The link between modern technology and business benefits isn’t always apparent (and sometimes doesn’t exist... it's painful to write this, but cool tech isn’t always useful).
In the case of Investment, Order and Portfolio Management Software we have only seen 4 major epochs of technology shifts that offered significant new benefits to asset managers. In this article we’ll explore them all - from a business perspective (i.e. we'll stay away from the technical details, for now...).
Our goal is that by the end of this article you'll understand the business impact of choosing between the different generations’ investment management technology. You will also have a better understanding of how important this consideration is for you.
Limina builds, delivers and services only one product: Limina’s investment software which is a generation 4 system. Limina was started by investment managers as a reaction to problems with existing systems.
We know how difficult it is to find honest and transparent information out there. Hence, we will keep this post as objective as we possibly can, calling out the pros and cons with each generation. In the name of transparency, Limina’s solutions are not perfect either, which you can read more about in our article. Alternatively, if you would like to find out when we are likely a great fit, you can find that out in our video.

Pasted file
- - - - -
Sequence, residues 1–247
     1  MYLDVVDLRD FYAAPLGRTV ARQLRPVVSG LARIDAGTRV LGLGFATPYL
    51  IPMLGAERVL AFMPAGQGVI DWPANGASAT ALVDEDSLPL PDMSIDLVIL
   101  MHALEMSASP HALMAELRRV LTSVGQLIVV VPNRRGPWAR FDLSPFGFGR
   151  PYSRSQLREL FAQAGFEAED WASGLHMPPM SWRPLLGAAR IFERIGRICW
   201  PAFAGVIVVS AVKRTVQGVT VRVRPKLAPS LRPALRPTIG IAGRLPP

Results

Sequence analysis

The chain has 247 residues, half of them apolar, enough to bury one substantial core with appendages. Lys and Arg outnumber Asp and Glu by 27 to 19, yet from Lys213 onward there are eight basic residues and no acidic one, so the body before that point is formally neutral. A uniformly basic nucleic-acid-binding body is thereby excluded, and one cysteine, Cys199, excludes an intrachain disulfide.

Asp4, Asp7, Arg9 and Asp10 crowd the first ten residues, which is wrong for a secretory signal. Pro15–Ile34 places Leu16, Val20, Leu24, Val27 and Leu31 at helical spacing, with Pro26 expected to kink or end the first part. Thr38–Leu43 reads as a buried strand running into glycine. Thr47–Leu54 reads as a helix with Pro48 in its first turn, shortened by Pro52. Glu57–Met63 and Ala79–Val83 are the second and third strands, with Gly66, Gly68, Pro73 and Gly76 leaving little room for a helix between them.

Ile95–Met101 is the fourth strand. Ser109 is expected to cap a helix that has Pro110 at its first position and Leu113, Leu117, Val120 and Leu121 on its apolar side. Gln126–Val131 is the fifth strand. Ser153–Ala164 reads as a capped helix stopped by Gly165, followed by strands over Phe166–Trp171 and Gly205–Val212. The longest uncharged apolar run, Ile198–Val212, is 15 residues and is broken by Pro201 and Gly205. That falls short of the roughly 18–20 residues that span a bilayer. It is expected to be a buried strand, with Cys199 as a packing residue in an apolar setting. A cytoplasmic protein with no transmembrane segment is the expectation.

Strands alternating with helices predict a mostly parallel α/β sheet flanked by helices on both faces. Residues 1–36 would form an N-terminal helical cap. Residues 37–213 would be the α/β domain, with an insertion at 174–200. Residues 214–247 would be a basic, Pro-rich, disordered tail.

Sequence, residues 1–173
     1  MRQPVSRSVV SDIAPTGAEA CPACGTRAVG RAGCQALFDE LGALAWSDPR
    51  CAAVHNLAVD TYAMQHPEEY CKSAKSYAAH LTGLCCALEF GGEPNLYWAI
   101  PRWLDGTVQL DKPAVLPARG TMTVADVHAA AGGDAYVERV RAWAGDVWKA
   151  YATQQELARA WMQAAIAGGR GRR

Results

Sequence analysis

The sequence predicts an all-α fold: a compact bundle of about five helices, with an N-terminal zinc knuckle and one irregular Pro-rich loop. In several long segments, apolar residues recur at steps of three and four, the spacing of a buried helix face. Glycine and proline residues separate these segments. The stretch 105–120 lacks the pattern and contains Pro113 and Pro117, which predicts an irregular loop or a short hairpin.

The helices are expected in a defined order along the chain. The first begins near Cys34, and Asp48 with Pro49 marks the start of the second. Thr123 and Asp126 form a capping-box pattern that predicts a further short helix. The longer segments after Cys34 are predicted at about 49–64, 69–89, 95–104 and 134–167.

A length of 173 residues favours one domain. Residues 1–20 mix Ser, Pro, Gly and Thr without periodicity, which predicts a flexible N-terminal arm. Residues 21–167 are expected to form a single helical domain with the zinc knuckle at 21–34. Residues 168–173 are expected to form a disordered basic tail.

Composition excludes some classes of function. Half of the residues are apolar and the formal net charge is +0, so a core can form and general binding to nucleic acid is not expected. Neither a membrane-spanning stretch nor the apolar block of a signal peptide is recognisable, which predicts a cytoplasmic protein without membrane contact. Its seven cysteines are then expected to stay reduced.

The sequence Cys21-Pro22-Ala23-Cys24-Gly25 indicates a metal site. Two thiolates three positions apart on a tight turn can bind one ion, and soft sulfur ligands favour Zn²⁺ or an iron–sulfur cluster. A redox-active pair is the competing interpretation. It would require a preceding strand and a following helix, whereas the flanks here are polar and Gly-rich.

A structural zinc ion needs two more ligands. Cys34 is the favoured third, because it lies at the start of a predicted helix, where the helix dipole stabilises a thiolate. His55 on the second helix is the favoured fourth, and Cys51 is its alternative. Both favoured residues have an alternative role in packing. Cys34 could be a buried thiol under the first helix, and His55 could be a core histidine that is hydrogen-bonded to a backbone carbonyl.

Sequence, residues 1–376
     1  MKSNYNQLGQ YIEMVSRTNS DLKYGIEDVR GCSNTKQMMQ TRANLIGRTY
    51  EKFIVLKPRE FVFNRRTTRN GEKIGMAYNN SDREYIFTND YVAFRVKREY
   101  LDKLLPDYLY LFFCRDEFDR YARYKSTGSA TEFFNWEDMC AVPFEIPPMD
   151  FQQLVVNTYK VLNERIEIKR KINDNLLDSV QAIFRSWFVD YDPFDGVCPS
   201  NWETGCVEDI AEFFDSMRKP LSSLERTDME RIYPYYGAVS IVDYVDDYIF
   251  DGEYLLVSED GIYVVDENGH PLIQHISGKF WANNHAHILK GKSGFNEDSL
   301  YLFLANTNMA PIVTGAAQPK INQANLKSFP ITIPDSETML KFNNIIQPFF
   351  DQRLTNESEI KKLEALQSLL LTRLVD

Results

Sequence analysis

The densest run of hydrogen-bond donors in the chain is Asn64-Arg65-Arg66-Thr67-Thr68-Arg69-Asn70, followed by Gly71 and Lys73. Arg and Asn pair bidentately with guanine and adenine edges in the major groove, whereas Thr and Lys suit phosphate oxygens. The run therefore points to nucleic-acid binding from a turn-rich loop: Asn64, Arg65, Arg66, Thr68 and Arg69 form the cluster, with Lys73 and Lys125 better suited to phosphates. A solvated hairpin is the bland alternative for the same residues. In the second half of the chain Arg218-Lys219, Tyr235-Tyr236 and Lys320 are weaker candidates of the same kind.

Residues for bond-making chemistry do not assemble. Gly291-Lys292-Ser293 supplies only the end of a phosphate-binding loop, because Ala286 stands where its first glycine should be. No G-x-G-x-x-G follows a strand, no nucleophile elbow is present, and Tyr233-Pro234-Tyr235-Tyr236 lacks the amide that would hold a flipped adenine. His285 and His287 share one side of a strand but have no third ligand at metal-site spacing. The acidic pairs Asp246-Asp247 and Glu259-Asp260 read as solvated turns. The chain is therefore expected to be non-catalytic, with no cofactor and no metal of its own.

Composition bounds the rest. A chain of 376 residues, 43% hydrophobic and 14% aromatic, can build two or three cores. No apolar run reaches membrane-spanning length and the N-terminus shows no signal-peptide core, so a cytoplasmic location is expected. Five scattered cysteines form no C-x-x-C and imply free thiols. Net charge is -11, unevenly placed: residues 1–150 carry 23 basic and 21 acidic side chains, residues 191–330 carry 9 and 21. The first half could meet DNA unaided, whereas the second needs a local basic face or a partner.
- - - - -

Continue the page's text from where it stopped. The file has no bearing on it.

Generation 1 investment management technology tools: On-premise. Open & monolithic
Most investment management systems in this category were launched in the 70s and the 80s. This is important to understand because many architectural decisions of these systems were made in an era vastly different from today.
Since the cloud was decades away when these systems were created, generation 1 software is “on-premises”. They are installed and maintained by you as a client, which means you need to manage hardware in addition to the software, which drives extra categories of Cost for your Investment Management Software. Vendors in this category are moving away from this model and are encouraging (mostly with carrots) clients to move to a hosted/cloud-enabled setup.
An (unintended?) benefit of these systems is that they are generally quite open, since you can access their database. Connectivity in and out of the system is in your control as a client. Nowadays, direct database access is – in our view - the last resort for integrations as it comes with significant downsides.
The architecture of these systems was usually monolithic, which means it looks something like this:
Monolithic investment manager technology
Having all logic in one single layer, or in the database and user interface layers, creates the following challenges:
- Since there is one large code base without hard (technical) boundaries between modules, developers are usually not able to understand the entire application, leading to slower development over time.
- Because of the lack of hard (technical) boundaries, development teams can’t be formed effectively around functional areas or around user types, leading to further slowdown in development.
- It’s difficult for developers to know how a feature “should” be implemented, which leads to lower code quality. This in turn leads to increased testing requirements and/or bug risks, ultimately driving cost and risk up for you.
- The monolithic architecture forces the vendor to stick to the technology it chose at inception (40 or more years ago). Introducing new technologies – such as modern programming languages - would require a complete rewrite of functionality that’s in production, which is expensive and risky (compare with building a new aeroplane and migrating in-flight passengers to it).
Generation 2 buy side fund technology: Hosted. Semi-closed & monolithic